Supreme Court cell phone ruling doesn't affect local law enforcement

The Supreme Court voted unanimously with a 9-0 ruling against forced search.

Local law enforcement says a new Supreme Court ruling mandating an issued warrant before searching cell phones will not affect their investigation procedure.

The Supreme Court voted unanimously with a 9-0 ruling against forced search.

However, the Kirksville Police Department says they typically don't search cell phones without a warrant.

"This is not something that we had not anticipated. We expected this decision to go the way it has. It's not uncommon for all law enforcement to be included to sometimes get information related to the investigation of cases from cell phones and in those cases we've typically gone the extra mile and gotten a search warrant,â?? said Detective Justin Jones with the Kirksville Police Department.

The Supreme Court ruling states that there must be a search warrant issued before obtaining information from phones during investigation.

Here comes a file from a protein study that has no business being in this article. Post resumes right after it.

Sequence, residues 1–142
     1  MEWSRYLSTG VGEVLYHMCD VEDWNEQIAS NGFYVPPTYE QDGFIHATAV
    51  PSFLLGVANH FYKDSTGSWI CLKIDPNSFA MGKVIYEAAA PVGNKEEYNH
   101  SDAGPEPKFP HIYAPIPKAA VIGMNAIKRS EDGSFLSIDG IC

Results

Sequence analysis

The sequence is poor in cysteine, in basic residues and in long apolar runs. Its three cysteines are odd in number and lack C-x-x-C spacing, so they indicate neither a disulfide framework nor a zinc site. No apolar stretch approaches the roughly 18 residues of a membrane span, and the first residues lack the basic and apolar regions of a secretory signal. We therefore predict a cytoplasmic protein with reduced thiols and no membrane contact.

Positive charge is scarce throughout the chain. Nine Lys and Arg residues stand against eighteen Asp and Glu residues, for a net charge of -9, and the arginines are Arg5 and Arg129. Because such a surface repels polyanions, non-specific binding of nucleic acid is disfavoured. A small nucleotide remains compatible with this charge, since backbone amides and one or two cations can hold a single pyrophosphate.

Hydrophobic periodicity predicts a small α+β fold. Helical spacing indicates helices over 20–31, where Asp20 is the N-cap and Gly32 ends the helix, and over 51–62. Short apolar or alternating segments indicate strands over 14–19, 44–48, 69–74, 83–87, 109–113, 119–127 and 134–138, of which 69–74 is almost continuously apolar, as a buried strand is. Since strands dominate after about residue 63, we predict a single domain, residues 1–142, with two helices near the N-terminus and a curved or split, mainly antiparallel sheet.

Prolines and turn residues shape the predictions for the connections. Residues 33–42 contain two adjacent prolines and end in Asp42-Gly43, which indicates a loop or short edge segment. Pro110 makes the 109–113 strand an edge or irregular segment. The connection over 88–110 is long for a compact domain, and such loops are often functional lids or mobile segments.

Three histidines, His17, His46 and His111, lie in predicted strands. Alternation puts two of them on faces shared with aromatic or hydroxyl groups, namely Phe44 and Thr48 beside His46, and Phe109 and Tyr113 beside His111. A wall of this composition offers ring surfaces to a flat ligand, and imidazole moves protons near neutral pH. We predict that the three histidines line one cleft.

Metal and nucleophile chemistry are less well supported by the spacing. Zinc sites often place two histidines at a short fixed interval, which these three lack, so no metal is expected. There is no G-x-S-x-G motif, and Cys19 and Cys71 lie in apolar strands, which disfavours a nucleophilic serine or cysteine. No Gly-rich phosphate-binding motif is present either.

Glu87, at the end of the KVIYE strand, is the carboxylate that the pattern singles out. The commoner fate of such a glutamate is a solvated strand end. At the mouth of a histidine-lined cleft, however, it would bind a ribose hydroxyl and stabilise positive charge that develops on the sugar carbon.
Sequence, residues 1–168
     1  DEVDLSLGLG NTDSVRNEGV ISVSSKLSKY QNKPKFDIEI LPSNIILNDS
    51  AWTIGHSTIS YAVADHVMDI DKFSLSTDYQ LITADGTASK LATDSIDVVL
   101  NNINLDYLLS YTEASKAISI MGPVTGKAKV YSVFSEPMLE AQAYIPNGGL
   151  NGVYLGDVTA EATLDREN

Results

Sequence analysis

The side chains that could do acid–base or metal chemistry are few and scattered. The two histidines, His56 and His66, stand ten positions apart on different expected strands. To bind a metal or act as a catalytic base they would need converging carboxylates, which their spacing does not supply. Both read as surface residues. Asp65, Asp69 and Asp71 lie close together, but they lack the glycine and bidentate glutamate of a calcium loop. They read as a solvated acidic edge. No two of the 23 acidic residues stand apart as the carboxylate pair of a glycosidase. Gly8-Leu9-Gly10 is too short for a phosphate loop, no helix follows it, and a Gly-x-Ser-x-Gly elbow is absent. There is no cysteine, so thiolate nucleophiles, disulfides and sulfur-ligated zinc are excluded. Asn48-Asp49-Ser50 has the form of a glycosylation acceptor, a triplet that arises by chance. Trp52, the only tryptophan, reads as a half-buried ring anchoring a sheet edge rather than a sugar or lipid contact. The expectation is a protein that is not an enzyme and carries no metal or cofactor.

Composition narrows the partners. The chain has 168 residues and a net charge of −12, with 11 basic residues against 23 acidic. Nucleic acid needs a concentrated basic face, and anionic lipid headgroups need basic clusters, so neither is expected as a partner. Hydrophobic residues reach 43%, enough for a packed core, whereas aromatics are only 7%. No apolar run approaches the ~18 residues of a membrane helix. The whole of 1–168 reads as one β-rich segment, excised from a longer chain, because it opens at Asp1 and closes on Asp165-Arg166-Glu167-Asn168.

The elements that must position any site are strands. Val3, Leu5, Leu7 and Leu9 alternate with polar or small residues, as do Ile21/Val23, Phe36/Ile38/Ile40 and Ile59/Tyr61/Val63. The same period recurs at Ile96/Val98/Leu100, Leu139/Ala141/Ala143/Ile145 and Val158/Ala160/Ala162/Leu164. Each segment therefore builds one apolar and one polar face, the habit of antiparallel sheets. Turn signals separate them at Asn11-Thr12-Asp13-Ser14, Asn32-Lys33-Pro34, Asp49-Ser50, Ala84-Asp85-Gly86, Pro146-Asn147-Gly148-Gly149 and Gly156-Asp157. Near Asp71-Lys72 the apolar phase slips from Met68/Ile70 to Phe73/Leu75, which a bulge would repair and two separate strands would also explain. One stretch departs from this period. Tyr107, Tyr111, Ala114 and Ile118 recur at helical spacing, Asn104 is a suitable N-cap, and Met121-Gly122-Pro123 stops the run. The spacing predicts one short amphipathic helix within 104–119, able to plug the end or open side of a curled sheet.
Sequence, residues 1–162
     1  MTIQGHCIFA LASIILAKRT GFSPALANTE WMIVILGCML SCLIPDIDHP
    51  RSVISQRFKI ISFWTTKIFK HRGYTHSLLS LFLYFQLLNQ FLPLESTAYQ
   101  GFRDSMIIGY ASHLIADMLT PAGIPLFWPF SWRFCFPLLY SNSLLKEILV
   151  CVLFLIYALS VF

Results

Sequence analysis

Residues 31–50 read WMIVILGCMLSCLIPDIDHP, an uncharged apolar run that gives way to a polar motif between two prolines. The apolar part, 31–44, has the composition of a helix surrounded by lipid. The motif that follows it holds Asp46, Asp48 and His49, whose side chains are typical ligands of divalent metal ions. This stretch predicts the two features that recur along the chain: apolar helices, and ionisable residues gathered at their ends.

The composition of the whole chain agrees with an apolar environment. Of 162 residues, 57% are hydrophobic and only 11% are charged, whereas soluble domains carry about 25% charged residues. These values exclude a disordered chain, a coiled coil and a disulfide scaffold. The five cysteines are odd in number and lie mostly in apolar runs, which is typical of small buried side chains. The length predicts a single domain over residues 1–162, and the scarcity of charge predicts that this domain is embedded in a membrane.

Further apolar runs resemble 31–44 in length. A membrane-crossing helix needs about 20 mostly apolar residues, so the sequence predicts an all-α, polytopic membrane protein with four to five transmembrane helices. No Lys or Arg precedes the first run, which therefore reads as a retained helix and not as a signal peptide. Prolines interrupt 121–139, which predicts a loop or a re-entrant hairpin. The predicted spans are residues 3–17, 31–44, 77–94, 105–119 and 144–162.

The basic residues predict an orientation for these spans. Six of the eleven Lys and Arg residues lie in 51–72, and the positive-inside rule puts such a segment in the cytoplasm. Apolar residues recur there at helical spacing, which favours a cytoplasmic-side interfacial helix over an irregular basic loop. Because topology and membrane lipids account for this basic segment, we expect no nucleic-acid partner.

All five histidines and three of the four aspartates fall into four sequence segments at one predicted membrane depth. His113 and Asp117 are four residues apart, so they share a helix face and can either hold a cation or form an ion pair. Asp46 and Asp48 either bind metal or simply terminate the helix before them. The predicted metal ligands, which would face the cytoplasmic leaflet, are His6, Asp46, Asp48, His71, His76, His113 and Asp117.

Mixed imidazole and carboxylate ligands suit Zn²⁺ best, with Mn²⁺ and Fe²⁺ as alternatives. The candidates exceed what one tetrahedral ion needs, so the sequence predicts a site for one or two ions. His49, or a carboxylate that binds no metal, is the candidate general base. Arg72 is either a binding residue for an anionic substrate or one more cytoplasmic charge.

Detective Justin Jones echoes the court's sentiment stating that citizens should have a right to privacy.

"What the Supreme Court basically said is that if someone is stopped for a regular traffic offense, it really is an invasion of privacy if we just start searching their phone. If they're pulled over for speeding, is there really going to be evidence of them speeding on their cell phone? Most likely not,â?? said Jones.

Although every case is different, law enforcement says if cell phones are ever needed for investigation purposes, it is solely up to citizens to provide any personal property before the officer has obtained a warrant.

"Thatâ??s one of the things people forget about. We can always ask for consent. Citizens can say yes or no," said Jones.

"Itâ??s just an extra feature for both parties. You know people have a right to ask for a warrant for anything else so they can do that for their cell phone,â?? said concerned citizen Earnest Obright Jr.